There are a number of options available to the theologian who wants to refute Dawkins position. First, she can simply place God outside the rules of causality and grant God the ability to do things which look contradictory and impossible from the human position. This isn't actually particularly absurd, it simply places humanity in a position, like that of the shapes in Edwin Abbots Flatland, where something routine to a 'higher being' is practically inconceivable to us.
She can also grant the "many universes" hypothesis. In that case, everything that God considers happens. So somewhere there is a universe without humanity, and somewhere there is a universe where humanity is not destroyed by beings from Sirius III in 2050 because God sends them a horrible plague of rats. In that case, God can intervene back in time, forward in time, change his mind and intervene again... because everything just creates new timelines.
Of the two routes, I think that the first is the more compelling. It actually makes sense to say that you can't use human concepts of space, time, foreknowledge, and causality to meaningfully discuss the traits of a being that supposedly knows the precise position and velocity of every particle in the universe, since that knowledge alone violates everything we understand about space, time, causality and particles.
To clarify this answer somewhat, the problem with Dawkins' logic is that the premise actually denies the possibility of a logical conclusion. An omnipotent being is without limits by definition, so the imposition of logical limits on the being is a denial of the premise, not the conclusion.
The inconsistency of Christianity is not in the assertion of an omnipotent, omniscient being, it is with the insistence that such a being could be said to have motives or behavior that would be even remotely comprehensible to us. If we assume a god on that scale, the conversation must end there: we cannot divine that beings motives or desires or even say that it has any motives or desires that we would understand as such.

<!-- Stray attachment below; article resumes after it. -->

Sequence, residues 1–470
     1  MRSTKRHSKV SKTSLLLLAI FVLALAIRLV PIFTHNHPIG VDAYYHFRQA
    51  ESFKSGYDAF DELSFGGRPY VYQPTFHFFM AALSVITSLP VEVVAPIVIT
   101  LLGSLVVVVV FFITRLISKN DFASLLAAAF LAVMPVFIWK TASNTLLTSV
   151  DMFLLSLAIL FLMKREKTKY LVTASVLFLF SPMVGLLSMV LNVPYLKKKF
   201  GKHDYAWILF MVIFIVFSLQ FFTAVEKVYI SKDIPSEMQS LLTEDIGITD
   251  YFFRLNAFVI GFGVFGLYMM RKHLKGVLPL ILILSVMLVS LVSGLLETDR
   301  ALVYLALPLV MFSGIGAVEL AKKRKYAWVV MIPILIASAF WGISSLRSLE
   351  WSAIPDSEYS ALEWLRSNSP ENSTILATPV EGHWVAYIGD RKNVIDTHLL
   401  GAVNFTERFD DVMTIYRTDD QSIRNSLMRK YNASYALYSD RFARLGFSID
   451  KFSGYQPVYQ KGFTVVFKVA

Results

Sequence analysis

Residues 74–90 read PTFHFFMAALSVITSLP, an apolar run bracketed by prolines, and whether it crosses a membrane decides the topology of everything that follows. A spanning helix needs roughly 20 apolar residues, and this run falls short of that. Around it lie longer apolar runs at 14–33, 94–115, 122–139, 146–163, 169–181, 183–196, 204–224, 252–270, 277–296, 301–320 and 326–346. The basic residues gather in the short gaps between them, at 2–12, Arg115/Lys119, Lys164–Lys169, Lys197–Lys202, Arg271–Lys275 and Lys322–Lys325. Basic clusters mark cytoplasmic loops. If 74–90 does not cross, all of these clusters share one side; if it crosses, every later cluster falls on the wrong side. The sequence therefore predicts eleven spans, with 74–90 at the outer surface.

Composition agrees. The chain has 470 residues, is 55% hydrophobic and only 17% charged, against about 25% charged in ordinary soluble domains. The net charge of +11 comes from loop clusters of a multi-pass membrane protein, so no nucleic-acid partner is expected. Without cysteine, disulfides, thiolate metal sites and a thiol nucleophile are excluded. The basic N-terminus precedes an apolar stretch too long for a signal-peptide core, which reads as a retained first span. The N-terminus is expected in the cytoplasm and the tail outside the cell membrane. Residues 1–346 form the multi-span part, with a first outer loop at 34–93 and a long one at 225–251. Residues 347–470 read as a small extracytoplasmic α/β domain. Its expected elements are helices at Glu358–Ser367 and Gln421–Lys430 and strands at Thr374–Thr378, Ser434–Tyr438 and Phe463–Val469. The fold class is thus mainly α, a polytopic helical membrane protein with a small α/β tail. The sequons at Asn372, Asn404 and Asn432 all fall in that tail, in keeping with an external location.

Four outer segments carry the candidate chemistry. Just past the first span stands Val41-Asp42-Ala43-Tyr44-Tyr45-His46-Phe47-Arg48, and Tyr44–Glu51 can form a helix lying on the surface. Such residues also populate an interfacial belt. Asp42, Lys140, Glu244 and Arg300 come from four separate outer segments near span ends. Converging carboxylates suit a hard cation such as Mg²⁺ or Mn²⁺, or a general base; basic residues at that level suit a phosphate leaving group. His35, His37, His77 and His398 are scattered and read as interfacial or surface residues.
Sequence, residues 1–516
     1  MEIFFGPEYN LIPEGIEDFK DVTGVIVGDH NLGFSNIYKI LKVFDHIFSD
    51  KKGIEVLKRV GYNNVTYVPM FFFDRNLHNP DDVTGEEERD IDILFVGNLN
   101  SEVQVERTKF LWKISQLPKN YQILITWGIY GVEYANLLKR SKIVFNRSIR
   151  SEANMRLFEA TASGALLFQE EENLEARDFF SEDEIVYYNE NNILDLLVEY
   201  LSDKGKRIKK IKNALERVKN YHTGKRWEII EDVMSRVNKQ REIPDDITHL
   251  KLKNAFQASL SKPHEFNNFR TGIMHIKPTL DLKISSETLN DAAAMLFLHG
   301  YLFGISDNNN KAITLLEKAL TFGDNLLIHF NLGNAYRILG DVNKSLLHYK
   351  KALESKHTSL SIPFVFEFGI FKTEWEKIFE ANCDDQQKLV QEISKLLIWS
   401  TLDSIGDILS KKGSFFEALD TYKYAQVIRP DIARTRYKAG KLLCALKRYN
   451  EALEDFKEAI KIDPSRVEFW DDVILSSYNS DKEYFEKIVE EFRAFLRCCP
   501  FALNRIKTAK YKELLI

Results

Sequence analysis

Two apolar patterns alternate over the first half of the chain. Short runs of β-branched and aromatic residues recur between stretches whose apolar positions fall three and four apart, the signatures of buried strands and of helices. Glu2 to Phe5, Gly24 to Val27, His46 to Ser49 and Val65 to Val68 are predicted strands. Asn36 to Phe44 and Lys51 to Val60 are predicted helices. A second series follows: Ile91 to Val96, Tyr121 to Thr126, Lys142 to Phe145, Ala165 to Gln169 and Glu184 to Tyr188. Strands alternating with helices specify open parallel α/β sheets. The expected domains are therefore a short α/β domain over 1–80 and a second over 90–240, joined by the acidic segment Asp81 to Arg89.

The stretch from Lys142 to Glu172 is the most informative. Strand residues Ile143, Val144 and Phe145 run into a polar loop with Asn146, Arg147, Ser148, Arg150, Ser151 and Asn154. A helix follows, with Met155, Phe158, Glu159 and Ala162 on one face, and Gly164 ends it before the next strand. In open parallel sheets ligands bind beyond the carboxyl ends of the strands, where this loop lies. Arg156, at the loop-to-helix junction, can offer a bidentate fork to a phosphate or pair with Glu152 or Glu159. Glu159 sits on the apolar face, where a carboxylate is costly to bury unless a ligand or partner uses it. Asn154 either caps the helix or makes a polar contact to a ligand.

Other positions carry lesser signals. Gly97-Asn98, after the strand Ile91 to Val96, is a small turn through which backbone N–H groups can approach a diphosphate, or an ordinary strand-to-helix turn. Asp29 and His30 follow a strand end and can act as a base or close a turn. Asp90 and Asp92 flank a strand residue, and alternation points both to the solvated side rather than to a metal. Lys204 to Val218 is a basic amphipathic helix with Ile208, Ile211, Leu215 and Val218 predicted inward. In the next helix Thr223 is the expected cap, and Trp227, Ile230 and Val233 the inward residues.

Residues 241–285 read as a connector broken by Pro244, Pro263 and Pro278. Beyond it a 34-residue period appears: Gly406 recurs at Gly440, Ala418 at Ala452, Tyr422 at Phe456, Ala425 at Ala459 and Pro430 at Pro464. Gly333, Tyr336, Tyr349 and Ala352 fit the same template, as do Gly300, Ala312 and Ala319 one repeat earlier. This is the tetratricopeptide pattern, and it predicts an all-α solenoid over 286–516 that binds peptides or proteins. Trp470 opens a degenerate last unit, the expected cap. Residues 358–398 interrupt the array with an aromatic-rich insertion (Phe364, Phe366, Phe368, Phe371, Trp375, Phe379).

In other words, the problem with the Christian god is that Omnibenevolence is logically inconsistent with Omniscience and Omnipotence. An analogy that might be helpful is the idea of a computer programmer. Let us assume I write a game like the Sims in order to play it. The game is large enough that I can have multiple villages of sim creatures. I might encourage them to go to war with each other just because I want to see them go to war. I might give them competing religions just because I think its funny. I might do absolutely anything, for any reason.
To the Sim people, none of this would make any sense. In fact, from my point of view, a Sim lacks the capacity to even have things make sense or not make sense. From my point of view, a sim has no thoughts or feelings that I would recognize as such. They are just simple robots. And from their point of view (assuming they have a point of view), I am utterly beyond comprehension.
To a truly all powerful god, we would be simpler by far than a Sim. We would have less capacity for self direction, less capacity for self awareness, and less capacity for intellectual thought than a computer program. There is just no way for us to intuit the motives or desires of a being that is that much more powerful and intelligent than we are, and no reason to believe that such a being would ever give us directions that were to our own benefit in any way. God could be totally ethical from its own point of view and still lie to us constantly, because it just isn't unethical to lie to creatures who can't think or feel.